Foxtons cancels its special divi as profits plummet on Brexit worries
Foxtons was bearing the brunt of its decision to focus on the London market today, after profits fell 42 per cent.
In a statement this morning, the estate agent said pre-tax profits had fallen 42 per cent to £10.5m in the six months to the end of June.
Revenues fell 3.1 per cent to £68.8m, net free cash flow almost halved, from £12.9m last year to £6.8m this year.
If ever there was evidence for pre-referendum jitters hitting the property market, this is it: sales revenue fell seven per cent to £31.3m, while transactions fell 10.2 per cent, to 2,314.
Meanwhile, lettings revenue fell 2.7 per cent to £32.6m, and the number of units it let fell 11.5 per cent to 9,127.
That led the company to scrap its special dividend for the year. Foxtons shares were down six per cent at 116.5p in early trading.
Why it's interesting
Foxtons' minis may be a familiar sight on the streets of the capital – but not so much in the rest of the UK. Now the company's decision to focus in the capital's high-end areas is coming back to bite: figures published by LonRes earlier this month showed transaction volumes in prime central London are now lower than they were in 2008.
Part of that is undoubtedly thanks to the previous chancellor's attempts to cool the market. At the beginning of April, new rules came into effect which hiked stamp duty on buy-to-let homes, causing a rush just before the deadline – and things have been rather quieter since.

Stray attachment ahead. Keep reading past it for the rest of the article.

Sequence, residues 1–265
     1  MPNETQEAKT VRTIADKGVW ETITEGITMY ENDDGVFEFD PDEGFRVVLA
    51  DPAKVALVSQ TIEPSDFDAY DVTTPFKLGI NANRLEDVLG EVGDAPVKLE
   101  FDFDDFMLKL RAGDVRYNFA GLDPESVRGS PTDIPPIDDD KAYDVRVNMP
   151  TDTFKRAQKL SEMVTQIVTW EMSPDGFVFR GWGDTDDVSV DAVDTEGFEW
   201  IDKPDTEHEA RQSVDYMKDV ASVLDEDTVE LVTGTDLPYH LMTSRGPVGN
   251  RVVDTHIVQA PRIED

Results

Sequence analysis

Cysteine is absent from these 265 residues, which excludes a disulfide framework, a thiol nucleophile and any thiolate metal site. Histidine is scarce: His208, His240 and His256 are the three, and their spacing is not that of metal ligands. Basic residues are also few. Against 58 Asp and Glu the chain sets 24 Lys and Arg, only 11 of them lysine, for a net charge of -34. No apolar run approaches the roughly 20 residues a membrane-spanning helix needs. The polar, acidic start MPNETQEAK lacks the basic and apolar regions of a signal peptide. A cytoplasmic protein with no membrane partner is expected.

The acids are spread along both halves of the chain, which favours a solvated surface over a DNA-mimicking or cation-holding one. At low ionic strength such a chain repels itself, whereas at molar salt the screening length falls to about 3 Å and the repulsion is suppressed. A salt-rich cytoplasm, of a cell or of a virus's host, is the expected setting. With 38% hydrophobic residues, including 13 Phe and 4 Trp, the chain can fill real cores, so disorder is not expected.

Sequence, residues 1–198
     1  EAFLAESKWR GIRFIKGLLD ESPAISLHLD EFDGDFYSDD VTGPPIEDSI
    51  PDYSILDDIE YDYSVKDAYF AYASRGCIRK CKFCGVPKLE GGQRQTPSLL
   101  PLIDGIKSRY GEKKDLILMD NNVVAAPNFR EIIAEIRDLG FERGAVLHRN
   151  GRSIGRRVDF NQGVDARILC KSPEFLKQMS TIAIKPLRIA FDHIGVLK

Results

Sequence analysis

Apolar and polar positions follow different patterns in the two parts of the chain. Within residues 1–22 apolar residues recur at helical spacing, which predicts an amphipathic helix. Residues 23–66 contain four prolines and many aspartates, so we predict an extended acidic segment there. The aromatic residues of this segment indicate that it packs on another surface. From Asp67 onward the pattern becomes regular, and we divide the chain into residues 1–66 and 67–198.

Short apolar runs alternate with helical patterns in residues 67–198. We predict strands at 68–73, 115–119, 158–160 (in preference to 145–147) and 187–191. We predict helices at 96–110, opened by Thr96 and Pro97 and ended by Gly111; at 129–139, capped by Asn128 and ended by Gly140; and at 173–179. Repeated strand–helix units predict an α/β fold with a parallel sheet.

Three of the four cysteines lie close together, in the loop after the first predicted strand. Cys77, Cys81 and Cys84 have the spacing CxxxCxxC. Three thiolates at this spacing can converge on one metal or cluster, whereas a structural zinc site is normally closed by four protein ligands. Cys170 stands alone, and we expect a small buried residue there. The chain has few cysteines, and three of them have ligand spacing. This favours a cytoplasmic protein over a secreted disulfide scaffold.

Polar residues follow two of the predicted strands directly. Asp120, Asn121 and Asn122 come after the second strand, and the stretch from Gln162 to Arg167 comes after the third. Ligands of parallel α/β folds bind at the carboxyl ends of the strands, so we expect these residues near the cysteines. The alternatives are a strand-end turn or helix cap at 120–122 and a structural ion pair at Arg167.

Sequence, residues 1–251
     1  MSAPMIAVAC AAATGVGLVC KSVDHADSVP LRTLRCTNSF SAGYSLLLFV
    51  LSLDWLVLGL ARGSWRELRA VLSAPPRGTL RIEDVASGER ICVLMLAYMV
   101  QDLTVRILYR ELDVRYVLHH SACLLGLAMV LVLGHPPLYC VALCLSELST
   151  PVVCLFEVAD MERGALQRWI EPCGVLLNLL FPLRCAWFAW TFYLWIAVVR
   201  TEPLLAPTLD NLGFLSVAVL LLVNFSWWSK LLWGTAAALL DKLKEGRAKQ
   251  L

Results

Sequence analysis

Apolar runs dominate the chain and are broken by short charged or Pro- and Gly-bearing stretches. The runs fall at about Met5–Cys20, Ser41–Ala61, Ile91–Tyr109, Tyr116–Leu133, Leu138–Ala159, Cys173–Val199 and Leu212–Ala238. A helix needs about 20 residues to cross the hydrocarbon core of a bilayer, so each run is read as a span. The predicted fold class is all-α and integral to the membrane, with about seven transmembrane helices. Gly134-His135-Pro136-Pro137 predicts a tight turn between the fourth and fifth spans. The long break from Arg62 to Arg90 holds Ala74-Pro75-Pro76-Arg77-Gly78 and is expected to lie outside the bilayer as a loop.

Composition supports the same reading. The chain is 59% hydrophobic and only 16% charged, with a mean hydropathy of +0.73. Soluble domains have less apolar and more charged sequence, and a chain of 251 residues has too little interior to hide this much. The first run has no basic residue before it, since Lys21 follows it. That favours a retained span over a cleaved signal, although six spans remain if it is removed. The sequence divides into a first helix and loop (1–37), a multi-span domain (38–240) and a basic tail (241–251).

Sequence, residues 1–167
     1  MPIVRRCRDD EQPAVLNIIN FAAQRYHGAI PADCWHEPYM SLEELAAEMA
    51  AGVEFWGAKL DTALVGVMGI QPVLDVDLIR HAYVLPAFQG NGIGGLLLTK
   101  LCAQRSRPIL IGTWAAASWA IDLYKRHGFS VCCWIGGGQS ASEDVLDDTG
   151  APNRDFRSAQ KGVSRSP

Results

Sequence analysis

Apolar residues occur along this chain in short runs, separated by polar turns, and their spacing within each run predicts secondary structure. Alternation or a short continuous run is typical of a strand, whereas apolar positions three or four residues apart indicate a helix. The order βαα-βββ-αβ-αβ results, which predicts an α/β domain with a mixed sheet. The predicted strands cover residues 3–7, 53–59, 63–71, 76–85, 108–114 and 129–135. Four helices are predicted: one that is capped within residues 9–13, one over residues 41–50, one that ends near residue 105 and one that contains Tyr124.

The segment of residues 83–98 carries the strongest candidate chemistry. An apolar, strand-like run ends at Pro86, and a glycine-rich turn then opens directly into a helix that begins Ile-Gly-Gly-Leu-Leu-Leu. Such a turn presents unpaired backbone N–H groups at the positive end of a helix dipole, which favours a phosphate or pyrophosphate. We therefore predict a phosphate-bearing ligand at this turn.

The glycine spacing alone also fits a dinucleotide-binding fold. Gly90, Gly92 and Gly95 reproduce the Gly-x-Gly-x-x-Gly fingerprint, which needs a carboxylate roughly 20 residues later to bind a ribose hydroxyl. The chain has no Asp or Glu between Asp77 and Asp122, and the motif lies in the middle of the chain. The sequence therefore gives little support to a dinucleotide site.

But by far the biggest factor was pre-referendum jitters. Although it had a record first quarter (thanks to aforementioned stamp duty changes), it said it expects Brexit to lead to a "prolonged period of further uncertainty".
"Expanding in a contracting market is proving even too difficult for Foxtons and growth plans are being reviewed," said Anthony Codling, equity analyst at Jefferies International.
"The dividend cut, while not welcome, is a reflection of the negative impacts of operational gearing during a downturn.
"The stock market value of Foxtons is less than that of the challenger low cost estate agent Purplebricks, which has yet to turn a profit, recently delivering a full year loss of £11.9m."
What Foxtons said
Chief executive Nic Budden said:
The result of the referendum to leave Europe is likely to lead to a prolonged period of further uncertainty and we do not expect London residential property sales markets to show signs of recovery before the end of the year.
Putting all its eggs in London's basket has not paid off for Foxtons.